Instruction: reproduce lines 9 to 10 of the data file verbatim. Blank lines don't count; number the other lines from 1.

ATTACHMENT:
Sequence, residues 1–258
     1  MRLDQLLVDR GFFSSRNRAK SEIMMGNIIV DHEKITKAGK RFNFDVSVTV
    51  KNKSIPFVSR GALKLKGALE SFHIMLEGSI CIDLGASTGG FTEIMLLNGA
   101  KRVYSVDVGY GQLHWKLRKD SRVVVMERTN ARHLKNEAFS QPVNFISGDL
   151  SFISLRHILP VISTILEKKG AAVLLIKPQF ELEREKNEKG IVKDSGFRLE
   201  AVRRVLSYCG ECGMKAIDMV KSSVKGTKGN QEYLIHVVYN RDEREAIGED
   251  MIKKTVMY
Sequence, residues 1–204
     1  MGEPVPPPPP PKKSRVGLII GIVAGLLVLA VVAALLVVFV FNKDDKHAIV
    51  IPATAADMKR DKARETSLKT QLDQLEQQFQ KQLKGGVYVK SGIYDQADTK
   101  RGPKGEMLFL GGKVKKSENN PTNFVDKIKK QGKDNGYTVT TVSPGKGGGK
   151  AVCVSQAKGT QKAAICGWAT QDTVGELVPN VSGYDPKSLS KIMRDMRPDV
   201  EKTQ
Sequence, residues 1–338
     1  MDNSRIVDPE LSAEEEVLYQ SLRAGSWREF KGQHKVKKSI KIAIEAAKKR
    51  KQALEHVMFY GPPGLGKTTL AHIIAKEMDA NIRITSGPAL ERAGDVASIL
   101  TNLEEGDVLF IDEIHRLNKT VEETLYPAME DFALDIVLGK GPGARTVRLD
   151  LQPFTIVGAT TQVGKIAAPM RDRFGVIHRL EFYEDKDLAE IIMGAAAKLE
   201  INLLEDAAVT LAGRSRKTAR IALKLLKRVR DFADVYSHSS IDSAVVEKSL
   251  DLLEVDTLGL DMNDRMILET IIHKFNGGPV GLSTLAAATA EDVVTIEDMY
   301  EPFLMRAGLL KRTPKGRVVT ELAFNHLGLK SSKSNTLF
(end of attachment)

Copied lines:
     1  MGEPVPPPPP PKKSRVGLII GIVAGLLVLA VVAALLVVFV FNKDDKHAIV
    51  IPATAADMKR DKARETSLKT QLDQLEQQFQ KQLKGGVYVK SGIYDQADTK